People who took part in this study were hooked up to an MRI scanner and played songs that they were familiar with as well as songs they didn’t know. The researchers started playing the song and then pressed mute. But when the participants were familiar with the songs, their auditory cortex continued to fire even after the music was silenced.
It was as if ’the brain was connecting the dots,’ said Emily Cross, a graduate student who took part in the study. ‘You are not surprised when the song picks up, because you have been playing it all along in your head.’
That leads to one theory behind why certain songs get stuck in our heads. If we hear fragments of a musical piece, we’re familiar with, but not the full song, our brains may end up in a loop trying to finish the song.
But there are other theories too.
It may be that the act of trying to suppress the musical fragment once we’re aware of it can make it worse. Like trying to resist thoughts or emotions during a meditation session; the act of resistance somehow magnifies the experience.
Or perhaps it’s simply 'a way to keep the brain busy when it’s idling'.
Can you get rid of these fragments?
While neuroscientists continue to research the cause and potential solutions to these brainworms, here are a few ways to replace – if not silence – your musical itch.
Chew a piece of gum
You have to love the modern age sometimes… Only in the 21st century would someone have the time and resources to perform a study into whether chewing gum could disrupt a brainworm. But such a study exists and it found that 'chewing gum modulates brain activity implicated in hearing, remembering, and imagining songs – thereby reducing a person’s odds of experiencing earworms’.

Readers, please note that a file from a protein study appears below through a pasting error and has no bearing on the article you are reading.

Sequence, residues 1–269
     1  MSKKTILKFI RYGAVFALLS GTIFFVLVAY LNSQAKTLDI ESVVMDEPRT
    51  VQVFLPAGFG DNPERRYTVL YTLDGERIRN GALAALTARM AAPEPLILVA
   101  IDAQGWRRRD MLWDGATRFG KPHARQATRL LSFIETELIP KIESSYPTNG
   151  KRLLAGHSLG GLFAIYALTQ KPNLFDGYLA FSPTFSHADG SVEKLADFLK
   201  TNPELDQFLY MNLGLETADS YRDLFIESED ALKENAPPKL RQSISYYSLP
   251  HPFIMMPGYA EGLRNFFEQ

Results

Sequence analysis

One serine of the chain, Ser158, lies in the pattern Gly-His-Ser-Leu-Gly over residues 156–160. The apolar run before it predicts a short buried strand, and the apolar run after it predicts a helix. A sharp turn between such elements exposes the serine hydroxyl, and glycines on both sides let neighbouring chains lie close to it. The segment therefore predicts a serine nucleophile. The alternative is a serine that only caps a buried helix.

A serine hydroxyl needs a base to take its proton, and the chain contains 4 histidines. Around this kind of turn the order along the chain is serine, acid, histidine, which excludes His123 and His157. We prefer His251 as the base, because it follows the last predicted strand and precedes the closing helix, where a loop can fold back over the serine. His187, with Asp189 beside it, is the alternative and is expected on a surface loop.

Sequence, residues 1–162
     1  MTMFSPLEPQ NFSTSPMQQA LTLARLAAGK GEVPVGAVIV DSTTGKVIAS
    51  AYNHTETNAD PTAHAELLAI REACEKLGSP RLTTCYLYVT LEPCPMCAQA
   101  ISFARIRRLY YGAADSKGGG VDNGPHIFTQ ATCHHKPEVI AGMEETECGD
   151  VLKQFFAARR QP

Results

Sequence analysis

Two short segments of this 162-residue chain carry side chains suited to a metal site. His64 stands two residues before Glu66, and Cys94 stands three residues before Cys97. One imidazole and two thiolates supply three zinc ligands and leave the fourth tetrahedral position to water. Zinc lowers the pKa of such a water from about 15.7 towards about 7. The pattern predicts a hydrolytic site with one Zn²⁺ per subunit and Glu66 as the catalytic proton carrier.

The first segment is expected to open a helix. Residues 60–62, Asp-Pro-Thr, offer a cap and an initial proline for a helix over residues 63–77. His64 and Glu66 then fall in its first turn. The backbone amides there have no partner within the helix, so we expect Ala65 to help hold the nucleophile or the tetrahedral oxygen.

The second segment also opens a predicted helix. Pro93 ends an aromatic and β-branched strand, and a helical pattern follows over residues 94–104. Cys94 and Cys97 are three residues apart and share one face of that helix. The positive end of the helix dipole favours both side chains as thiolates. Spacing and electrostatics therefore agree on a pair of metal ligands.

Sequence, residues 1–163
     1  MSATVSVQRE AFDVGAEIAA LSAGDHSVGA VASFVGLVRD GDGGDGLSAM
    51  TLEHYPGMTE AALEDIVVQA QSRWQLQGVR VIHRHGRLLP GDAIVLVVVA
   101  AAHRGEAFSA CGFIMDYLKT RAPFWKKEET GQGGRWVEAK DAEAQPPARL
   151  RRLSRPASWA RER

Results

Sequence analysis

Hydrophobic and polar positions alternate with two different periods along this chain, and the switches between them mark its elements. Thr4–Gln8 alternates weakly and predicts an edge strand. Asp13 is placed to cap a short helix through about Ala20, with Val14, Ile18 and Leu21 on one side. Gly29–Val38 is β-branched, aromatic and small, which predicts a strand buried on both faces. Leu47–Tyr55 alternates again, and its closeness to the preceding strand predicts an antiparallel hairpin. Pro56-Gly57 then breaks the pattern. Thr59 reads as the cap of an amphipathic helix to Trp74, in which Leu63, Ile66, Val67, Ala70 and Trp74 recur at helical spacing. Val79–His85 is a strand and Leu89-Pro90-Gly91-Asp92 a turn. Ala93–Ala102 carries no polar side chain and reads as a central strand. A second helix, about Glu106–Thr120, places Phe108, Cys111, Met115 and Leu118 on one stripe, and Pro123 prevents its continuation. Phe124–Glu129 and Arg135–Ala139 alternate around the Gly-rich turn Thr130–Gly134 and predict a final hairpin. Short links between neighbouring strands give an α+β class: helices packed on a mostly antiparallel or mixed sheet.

Listen to the song all the way through
If your brain is attempting to connect the dots or fill in the gaps between fragments of the song, it can help to play the song that’s stuck on a loop from beginning to end. Sit and focus on the song without any distractions and let yourself really experience the music.
Do something cognitively difficult
To combat the idea that brainworms are the idle brain’s way of staying busy, put your ‘little grey cells’ (to use Hercule Poirot’s terminology) to good use. Do a crossword puzzle. Play sudoku. Solve an anagram. Pick up a new novel. Just make sure the activity is engaging enough that you need all your brain power to focus on it.
Listen to different music
If you can’t completely get rid of a brainworm, try replacing it with another song that isn’t yet driving you crazy. Some people find listening to instrumental music can help. So, break out that classical playlist or your favourite film soundtrack and let a new song fill your mind.
Listen to an audio book or podcast
If a musical fragment is stuck in your mind, it may help to override the system with a non-musical auditory experience that forces you to focus on the meaning of words and to interpret ideas and concepts.
If all else fails, take heart in Vadim Prokhorov’s main rule when it comes to brainworms: 'treated earworms go away in one day, untreated earworms in 24 hours’.